This podcast is brought to you in partnership with the Canadian Bar Association. It will serve as your educational resource on trauma-informed lawyering. Through inspiring interviews and thoughtful commentary, Myrna will shine a light on a critical competency you did not get any instruction on in law school. Trauma-informed lawyering is a do-no-further-harm, relational approach to the practice of law which benefits you, your clients, your colleagues and the legal profession generally. Lawyers, this is the education about trauma, vicarious trauma and trauma-informed lawyering you didn't know you needed.
Artwork titled, "Lunar Messenger" by Colleen Gray.
Trauma-Informed Law: A Primer for Lawyers in Practice
J. Kim Wright, Helgi Maki, Marjorie Florestal and I share our latest group project with you, a book on trauma-informed law which will be published in the summer of 2021 by the American Bar Association, Law Practice Management Division! We are excited about this project and want to include you. Have a listen, we will provide information on where you can submit your input to add your voice to this subject. This ground-breaking, one-of-a-kind resource will transform for our legal profession. For more information, check out: https://www.traumainformedlaw.org/surveys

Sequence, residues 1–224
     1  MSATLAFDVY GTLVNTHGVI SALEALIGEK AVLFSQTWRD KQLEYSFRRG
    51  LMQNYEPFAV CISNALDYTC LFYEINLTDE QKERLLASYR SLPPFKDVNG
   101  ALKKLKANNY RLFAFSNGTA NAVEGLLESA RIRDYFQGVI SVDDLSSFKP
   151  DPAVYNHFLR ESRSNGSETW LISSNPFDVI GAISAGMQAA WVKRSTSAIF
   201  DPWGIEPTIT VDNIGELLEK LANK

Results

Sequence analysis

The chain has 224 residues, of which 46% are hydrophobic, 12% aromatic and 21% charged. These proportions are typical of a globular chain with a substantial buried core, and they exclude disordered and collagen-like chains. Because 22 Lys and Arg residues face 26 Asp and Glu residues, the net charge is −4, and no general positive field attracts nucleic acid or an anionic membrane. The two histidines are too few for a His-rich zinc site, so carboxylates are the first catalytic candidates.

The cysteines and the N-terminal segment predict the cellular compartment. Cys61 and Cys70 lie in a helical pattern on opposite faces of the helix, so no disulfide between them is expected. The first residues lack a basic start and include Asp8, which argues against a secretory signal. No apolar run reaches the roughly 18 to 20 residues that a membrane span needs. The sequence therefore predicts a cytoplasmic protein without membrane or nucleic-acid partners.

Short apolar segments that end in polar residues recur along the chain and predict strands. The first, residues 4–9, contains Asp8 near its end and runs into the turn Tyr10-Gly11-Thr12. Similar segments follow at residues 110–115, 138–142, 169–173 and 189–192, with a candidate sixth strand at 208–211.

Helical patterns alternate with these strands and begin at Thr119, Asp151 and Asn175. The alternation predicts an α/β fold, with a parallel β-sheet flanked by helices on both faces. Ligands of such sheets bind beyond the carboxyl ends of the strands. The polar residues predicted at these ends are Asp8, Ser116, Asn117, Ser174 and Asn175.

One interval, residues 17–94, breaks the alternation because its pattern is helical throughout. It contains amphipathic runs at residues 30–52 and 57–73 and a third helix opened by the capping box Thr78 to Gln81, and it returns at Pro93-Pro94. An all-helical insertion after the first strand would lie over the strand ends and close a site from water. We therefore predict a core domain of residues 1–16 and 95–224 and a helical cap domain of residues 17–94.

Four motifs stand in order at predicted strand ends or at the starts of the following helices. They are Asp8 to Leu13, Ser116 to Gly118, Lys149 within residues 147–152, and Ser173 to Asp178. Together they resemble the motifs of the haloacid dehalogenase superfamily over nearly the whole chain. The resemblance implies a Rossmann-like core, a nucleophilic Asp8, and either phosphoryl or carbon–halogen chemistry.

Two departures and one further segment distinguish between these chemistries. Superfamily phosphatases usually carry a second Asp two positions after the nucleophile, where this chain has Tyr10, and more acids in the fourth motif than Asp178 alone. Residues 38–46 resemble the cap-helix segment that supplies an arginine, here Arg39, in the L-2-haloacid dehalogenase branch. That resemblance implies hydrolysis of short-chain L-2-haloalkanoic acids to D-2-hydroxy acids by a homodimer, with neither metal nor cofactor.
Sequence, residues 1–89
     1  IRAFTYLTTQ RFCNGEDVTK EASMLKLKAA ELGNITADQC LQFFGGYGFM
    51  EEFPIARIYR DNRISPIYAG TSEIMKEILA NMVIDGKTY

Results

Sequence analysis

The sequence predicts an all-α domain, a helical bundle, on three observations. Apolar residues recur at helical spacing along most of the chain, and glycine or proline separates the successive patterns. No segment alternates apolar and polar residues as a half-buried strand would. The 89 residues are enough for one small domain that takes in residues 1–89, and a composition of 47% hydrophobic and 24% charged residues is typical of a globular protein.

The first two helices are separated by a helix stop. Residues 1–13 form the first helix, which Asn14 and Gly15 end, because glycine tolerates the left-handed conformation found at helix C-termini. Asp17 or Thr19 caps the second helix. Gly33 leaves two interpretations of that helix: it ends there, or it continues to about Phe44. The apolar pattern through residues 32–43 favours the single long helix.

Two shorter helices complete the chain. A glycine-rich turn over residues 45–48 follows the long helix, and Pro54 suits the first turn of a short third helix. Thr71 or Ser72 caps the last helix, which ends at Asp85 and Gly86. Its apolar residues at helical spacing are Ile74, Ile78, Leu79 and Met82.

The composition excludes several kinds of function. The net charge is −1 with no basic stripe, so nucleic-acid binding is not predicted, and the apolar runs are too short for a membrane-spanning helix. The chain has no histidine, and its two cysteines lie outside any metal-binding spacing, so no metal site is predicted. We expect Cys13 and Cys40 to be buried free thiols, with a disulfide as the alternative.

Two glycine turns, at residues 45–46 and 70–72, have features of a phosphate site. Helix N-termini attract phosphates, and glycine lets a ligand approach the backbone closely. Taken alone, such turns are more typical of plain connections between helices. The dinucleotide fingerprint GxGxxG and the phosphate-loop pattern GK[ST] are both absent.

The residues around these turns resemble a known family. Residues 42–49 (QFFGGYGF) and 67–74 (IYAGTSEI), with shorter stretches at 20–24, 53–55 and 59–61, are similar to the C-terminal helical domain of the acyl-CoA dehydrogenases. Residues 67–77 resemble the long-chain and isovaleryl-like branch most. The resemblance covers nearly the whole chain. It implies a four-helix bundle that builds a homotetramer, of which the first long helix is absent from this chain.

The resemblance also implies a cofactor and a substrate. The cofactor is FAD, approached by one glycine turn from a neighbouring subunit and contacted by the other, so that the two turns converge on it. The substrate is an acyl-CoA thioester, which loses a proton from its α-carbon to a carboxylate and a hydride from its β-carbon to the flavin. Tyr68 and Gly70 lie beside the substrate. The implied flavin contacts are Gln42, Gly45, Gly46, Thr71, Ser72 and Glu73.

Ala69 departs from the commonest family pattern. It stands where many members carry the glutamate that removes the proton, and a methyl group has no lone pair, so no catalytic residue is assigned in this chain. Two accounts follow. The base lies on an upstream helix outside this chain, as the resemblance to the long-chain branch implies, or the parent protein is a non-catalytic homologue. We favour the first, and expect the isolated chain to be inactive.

Practicing Smart Justice in Scotland: My Conversation with Iain Smith
In this episode, Iain Smith shares how becoming trauma aware has changed his approach to practice and the way in which he relates to his clients. He also explains why justice systems everywhere need trauma informed education to effectively reduce crime and criminalization.
Evolving Police Services Through Trauma Informed Practice: A Conversation with Inspector Dan Jones
This episode explores the evolution of the Edmonton Police Service through trauma informed training. Insp. Dan Jones discusses the benefits of a relational, community-based and decolonized approach to public safety and partnership-building.
Courageous Conversations & The Stories We Tell Ourselves
This solo episode focuses on the stories we tell ourselves, a concept I borrowed from a Harold Johnson talk, and how these stories coupled with a lack of self-awareness can cause harm to ourselves and those we work with.
Re-envisioning the Lawyer's Role: A Conversation with UCLA Law's Claudia Pena and Alicia Virani
Claudia Pena and Alicia Virani share their inspiration for co-creating and co-teaching a course on trauma-informed lawyering and restorative/transformative justice at UCLA Law School.
One is the Loneliest Number: Justice Harry LaForme's Advice for Indigenous Judges and Those Who Appoint Them
Justice Harry LaForme and I discuss the importance of Indigenous lived experiences in the judiciary as he reflects on his judicial career, trauma-informed decision making and his growing concerns about the increasing barriers for Indigenous lawyers who may wish to pursue judicial appointments.